Archive for April, 2010

Coyote Bounties: It’s All political

April 23, 2010

In a recent post, I referenced a story out of Nova Scotia where the Natural Resources Minister talked of bringing in a bounty on coyotes (later revised to “considering a bounty” when he took some heat on the plan).

In the process, I discovered that Saskatchewan had actually put in place a similar bounty on coyotes this past winter.

The Saskatchewan scheme provides a $20 bounty for each verified coyote killed in the province, exactly the same as the proposal from Nova Scotia.

However, the Saskatchewan program differs in that any resident of the province can participate (with a limit of $50,000 for any single individual – which is one hell of a lot of coyotes). The program is (was) also time limited, announced on November 10th, 2009 and ending on March 31st 2010.

The reason for the bounty being put in place was to reduce predation on farm land in the province. Again, as in Nova Scotia, the rationale was for political reasons and the bounty program was used to show that the government was attuned to the needs of its constituents. In this case the very strong agricultural lobby in the province.

The bounty was actually only a part of the complete package to accommodate the farming industry. There was also a fencing assistance provision (up to $10,000) and assistance in acquiring a guard dog (up to $100). The government was also training  Conservation Officers in the use of the 1080 poison. (It surprises me that in this day and age that the Ministry of Environment would be tasked with using a poison such as 1080, which is not target specific).

As of February 2010 there had been 18,000 coyotes killed under the program. It was also noted that there had been 18,000 coyotes killed for fur the previous year with average kill of 21,000 in most years. Which would appear that the government has so far subsidized the normal winter kill with a $20 subsidy, which comes to $360,000 for coyotes that apparently would have been killed anyway. It will be interesting to find out what the total kill was when the program ended on March 31st and what the cost to the taxpayers was.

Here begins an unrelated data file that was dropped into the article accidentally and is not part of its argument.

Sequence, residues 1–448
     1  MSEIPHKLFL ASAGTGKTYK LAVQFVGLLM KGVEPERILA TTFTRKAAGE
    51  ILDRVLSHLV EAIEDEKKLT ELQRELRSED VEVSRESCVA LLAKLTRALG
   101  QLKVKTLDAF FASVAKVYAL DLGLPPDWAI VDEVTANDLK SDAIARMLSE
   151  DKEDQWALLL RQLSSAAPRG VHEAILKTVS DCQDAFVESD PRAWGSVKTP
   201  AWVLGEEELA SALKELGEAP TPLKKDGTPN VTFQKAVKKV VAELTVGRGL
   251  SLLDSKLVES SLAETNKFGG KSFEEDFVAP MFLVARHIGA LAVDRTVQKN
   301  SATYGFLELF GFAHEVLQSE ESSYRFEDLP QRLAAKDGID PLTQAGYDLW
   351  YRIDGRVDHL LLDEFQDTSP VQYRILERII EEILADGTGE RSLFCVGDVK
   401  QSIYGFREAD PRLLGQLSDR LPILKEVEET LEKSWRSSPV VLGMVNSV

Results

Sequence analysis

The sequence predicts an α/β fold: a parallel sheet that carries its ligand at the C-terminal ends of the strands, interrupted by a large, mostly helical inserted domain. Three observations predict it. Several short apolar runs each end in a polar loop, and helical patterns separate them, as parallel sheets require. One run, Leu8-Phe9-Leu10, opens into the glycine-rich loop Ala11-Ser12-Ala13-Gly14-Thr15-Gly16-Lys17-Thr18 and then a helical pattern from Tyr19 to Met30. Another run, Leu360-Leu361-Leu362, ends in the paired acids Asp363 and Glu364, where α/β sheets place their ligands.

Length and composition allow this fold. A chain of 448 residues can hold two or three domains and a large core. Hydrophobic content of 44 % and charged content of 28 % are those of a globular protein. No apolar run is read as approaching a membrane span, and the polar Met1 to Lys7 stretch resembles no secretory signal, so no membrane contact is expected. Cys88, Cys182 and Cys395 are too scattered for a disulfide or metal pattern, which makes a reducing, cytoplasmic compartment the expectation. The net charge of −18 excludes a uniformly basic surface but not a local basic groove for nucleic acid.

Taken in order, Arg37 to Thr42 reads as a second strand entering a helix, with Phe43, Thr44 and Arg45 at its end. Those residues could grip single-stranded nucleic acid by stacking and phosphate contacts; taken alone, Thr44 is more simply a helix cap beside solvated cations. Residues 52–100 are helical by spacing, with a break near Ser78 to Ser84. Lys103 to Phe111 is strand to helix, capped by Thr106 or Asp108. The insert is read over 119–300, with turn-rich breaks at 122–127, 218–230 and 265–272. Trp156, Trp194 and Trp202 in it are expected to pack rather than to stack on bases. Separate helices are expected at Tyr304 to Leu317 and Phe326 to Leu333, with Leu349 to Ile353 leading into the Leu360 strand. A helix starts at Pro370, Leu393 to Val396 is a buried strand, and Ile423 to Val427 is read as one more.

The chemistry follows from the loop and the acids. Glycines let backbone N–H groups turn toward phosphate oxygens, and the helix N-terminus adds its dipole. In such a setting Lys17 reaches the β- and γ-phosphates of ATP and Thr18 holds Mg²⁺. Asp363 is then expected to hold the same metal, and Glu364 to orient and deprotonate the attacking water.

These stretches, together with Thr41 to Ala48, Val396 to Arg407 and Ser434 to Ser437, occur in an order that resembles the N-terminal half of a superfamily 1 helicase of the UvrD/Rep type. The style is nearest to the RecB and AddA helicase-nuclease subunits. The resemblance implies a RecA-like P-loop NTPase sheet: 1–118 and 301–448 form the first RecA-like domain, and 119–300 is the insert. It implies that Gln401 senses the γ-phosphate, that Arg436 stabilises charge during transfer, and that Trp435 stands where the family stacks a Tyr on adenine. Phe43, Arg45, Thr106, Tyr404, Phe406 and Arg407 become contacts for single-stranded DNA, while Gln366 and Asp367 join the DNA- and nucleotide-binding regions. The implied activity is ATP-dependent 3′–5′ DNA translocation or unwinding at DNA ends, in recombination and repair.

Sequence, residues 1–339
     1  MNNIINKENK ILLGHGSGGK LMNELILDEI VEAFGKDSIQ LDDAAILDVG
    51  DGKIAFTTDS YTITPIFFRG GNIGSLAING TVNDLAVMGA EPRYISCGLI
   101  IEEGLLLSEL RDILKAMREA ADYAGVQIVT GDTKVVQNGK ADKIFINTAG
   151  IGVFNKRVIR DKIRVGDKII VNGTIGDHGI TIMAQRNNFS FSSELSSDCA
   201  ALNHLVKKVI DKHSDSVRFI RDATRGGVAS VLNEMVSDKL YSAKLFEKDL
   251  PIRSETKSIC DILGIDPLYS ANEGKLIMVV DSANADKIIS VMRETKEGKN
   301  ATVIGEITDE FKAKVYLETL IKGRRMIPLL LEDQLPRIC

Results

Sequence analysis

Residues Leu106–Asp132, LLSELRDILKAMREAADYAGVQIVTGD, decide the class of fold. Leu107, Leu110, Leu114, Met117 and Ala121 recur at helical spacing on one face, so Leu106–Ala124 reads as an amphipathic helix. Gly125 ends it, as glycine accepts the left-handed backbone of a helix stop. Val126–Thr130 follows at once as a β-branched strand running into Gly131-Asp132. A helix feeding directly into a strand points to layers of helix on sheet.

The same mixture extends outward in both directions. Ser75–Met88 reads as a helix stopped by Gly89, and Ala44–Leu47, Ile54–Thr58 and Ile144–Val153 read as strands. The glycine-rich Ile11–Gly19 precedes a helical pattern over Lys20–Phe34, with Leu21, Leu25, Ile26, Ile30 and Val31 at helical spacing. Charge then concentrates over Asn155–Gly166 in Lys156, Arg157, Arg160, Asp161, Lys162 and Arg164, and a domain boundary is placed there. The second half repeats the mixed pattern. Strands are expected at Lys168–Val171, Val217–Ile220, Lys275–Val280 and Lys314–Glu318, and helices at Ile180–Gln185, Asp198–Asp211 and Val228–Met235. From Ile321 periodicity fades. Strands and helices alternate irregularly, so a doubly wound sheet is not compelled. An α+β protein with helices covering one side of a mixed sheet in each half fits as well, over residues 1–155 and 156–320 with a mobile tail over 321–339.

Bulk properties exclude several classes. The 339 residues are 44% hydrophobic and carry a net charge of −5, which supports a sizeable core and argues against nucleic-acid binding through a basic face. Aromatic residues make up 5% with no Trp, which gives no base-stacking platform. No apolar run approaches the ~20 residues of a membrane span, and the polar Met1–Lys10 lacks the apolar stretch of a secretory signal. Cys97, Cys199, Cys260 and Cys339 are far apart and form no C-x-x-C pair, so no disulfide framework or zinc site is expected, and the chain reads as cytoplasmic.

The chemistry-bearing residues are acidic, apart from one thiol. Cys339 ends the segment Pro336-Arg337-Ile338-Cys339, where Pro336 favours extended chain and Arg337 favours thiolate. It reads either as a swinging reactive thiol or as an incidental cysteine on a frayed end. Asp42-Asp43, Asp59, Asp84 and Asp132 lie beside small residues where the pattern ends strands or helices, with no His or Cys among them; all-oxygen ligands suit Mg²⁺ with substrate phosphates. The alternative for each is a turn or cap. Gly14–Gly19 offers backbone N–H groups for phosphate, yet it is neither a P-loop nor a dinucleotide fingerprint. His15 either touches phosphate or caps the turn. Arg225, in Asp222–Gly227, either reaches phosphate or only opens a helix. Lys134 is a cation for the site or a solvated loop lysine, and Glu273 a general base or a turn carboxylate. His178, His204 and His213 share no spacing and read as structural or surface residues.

Regardless, I would suggest that this is simply another political and ill-conceived program that once again leaves the perception that something is being done to solve a perceived problem while not really accomplishing a lot. The one good thing about the program is that it was set up for a specified and limited time frame.

The problem with this kind of program is that it applies a scatter-gun approach to the problem.The coyotes being killed will not necessarily be taken from the areas where there is a predation problem, so although you may kill a bunch of coyotes you won’t necessarily be targeting those that are causing the problems.

If there is a serious predation problem on agricultural lands it would be far more effective to target coyotes in those specific areas. But to do that wouldn’t require a bounty system and wouldn’t enable the politicians to issue press releases and announce their intent to solve the problem by throwing money at it. It would also require some manpower and actual planning and execution.

Another question that comes to mind is, if farmers and ranchers are having some problems with coyotes on their land, why aren’t they solving the problem on their own. Why are taxpayer’s dollars needed to encourage them to go out and reduce the coyote population in their area? And don’t for a moment think that many of those very same individuals who have complained to the government about predation problems weren’t out there this winter shooting coyotes and collecting their $20 per animal from the bounty program.